Finally, the hippocampus in health people bridges the transition from short- to long-term memory. Initial research shows that depression affects the interplay between the amygdala and the hippocampus, interfering with this transition. As a result, people suffering from depression could experience blackout periods and memory loss.
Though these causes are often observed in adults as well as teens, the physiological causes of depression could have a significantly worse impact on a developing brain. Physiologists found that the brains of adolescents are not yet fully developed. The regions of the brain that regulate judgment, for example, will not be mature until adulthood. As a result, the malfunctions in brain physiology and chemistry associated with depression can lead to greater incidences of suicidal thoughts among teens. Unfortunately, at this age group, thoughts of suicide are often easily translated into action (Farmer 2002).
Symptoms of depression
Symptoms of depression are easy to overlook, particularly when a person lives alone. However, alert parents, teachers, counselors and even classmates can often detect symptoms of depression in adolescents before the illness escalates.
Teens suffering from dysthymia, for example, can feel depressed during the day. Unlike a major depression, adolescents suffering from dysthymia suffer a continuous "down" feeling that could persist over at least two years and an average of five years (Farmer 2002). During this time, they could continue with normal activities like school, but many could do so with minimal energy.
Furthermore, teens with dysthymia often experience at least two of the following symptoms. First, they feel enervated. They could show trouble making decisions and often experience low self -esteem. They could either overeat or complain of appetite loss. Many dysthymic teens also either suffer from insomnia or have a tendency to sleep too much (Farmer 2002).
Teens with major depression could show the same symptoms as dysthymia, though these symptoms could be magnified. A major depression also causes an adolescent to experience more of these symptoms at a time. In addition to the ones already mentioned, a depressed teen can also show psychosomatic problems such as headaches or digestive disorders (Lewisohn et al. 2003). They could evidence restlessness and may be unable to concentrate on tasks at hand. In addition, depressed teens could have strong feelings of guilt and a sense of worthlessness. These feelings could contribute to thoughts of death and precipitate suicide attempts.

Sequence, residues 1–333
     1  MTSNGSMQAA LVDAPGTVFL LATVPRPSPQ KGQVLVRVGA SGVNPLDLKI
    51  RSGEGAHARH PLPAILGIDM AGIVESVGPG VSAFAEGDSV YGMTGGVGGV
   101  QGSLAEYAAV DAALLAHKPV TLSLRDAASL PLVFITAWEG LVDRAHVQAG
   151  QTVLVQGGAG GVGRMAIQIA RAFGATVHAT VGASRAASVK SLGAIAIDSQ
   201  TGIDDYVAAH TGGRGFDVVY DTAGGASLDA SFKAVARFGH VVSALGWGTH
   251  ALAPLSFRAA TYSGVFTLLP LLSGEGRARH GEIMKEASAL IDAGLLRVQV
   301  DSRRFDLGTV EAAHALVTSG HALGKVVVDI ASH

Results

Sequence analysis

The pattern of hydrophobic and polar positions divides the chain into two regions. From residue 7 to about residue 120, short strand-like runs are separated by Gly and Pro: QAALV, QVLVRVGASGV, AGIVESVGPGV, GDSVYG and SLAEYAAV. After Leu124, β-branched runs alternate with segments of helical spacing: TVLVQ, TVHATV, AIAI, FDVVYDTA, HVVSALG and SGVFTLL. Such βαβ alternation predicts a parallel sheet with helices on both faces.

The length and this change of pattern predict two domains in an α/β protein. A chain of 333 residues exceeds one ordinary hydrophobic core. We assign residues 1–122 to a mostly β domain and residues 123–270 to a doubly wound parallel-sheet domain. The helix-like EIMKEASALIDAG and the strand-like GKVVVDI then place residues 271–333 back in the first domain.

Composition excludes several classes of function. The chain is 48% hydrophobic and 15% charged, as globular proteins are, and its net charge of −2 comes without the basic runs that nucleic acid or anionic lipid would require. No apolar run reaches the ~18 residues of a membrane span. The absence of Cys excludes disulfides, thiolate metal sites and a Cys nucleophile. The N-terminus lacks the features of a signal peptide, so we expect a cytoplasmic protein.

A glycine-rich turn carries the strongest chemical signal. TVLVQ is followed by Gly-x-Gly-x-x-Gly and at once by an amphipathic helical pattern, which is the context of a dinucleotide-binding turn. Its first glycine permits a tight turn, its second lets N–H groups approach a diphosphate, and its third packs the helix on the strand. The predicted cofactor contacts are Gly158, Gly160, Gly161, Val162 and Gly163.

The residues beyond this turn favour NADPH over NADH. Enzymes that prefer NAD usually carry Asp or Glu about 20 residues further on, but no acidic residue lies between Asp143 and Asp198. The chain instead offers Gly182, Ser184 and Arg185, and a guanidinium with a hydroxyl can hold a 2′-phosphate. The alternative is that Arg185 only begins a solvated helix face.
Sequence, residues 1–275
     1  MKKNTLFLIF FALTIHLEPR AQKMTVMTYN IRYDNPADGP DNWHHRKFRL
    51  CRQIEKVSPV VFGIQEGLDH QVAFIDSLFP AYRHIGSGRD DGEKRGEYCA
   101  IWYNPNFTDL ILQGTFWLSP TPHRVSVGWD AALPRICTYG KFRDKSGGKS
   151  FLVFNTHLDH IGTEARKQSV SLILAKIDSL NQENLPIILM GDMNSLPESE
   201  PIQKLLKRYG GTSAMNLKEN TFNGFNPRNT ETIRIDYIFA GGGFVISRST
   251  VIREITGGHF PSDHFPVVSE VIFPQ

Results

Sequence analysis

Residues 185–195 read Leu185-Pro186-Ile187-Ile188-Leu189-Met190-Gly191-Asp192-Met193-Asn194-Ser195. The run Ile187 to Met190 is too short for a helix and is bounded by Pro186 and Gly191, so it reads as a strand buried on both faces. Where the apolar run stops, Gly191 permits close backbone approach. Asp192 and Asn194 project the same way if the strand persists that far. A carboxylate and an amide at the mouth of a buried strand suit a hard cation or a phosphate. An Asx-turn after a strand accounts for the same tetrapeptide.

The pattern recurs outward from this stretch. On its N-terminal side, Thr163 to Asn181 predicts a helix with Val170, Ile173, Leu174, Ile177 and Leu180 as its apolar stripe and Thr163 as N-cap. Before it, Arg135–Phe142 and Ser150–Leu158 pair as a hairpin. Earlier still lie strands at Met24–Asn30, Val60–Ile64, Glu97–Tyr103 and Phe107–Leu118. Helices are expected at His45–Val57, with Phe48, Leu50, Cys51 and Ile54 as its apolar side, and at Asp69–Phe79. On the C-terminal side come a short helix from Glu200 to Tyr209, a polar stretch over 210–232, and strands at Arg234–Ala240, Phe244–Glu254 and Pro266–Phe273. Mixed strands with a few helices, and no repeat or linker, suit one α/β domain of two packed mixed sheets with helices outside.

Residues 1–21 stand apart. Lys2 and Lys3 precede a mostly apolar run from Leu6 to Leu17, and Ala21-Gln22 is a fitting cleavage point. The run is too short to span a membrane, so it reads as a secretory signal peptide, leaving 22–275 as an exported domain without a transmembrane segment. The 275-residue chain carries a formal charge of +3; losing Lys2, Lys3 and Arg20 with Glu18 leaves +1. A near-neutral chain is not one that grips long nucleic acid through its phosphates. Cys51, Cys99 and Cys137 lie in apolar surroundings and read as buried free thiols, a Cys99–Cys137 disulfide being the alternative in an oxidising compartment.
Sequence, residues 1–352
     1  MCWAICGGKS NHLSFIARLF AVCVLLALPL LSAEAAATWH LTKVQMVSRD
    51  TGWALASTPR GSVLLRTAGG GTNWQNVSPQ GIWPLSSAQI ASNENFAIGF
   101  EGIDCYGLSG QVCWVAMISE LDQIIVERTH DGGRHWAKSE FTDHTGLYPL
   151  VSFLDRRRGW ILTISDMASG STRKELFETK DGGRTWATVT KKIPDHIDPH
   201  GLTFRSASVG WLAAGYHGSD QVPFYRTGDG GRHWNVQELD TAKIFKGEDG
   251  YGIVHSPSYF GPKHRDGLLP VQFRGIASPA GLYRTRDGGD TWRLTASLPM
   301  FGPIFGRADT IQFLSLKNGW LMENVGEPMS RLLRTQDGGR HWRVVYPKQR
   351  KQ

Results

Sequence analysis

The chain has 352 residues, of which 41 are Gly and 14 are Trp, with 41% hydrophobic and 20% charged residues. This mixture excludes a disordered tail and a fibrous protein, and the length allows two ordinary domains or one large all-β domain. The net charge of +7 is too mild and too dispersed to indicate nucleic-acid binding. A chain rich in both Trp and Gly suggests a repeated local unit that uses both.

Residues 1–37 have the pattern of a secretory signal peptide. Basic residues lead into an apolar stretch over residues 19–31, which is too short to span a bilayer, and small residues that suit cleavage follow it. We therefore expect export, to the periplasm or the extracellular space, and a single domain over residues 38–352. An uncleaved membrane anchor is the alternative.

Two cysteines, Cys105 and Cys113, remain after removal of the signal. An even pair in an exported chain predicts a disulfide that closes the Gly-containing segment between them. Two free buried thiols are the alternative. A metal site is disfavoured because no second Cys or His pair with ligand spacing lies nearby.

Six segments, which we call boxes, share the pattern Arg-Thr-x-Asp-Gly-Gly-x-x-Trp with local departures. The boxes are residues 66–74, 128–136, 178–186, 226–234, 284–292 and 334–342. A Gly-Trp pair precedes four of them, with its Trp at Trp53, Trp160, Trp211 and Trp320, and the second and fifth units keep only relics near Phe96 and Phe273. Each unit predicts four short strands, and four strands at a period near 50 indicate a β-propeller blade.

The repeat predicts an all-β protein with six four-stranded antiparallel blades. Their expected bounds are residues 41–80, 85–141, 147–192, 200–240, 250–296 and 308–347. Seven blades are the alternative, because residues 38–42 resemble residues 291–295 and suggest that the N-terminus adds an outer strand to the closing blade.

A teen suffering from bipolar disorder swings from episodes of deep depression to times of mania. A manic phase usually lasts a week, during which a teen could experience an intense high period. Manic teens feel a pumped-up sense of self-esteem, giving rise to grandiose ideas. Good judgment is often compromised, and the teens could channel their considerable energies to pleasure-seeking pursuits such as petty crimes or sexual activity. Manic teens are easily distracted and find it difficult to control their racing thoughts.
This manic phase, however, eventually gives way to the depressed stage. In this phase, an adolescent suffering from bipolar disorder will experience the same symptoms of depression. It should also be noted that bipolar disorder affects the sexes differently. Young women are more likely to suffer a major depression as their first bipolar episode. When they mature, female bipolar sufferers experience more depressive episodes on the whole. The opposite is true for young men, who will often experience more manic episodes during their lifetime.
Diagnosis and treatment
To diagnose depression, physicians conduct a physical examination to rule out conditions such as viral infections. After a physical cause is ruled out, the patient is then referred to a psychiatrist or psychologist for further evaluation. A clinician would also conduct an evaluation for substance abuse, since mood disorders could also be caused by heavy drinking or drug abuse. However, since substance abuse itself could be a sign of depression, a responsible clinician will conduct further tests before ruling out depression altogether (Koplewitz 2002).
A complete psychiatric evaluation is also useful in evaluating the history of an adolescent's illness. This evaluate is important, since depression could be accompanied by other psychiatric disorders like schizophrenia. Only when the disease is properly diagnosed can treatment commence.
Depression is an illness that affects each sufferer differently. There is thus no blanket treatment for depression. Instead, individual methods of treatment must be calibrated for every depression sufferer.
This difficulty is compounded in depressed adolescents, whose brains are not yet fully developed. Researcher Helen Egger (2003) cautions that…[continue]